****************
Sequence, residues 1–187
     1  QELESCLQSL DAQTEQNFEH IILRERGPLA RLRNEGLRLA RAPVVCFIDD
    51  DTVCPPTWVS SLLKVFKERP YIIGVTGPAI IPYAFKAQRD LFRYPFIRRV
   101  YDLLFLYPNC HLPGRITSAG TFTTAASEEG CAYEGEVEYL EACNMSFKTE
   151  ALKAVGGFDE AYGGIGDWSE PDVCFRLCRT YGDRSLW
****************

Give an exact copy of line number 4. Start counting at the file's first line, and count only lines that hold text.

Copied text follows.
   101  YDLLFLYPNC HLPGRITSAG TFTTAASEEG CAYEGEVEYL EACNMSFKTE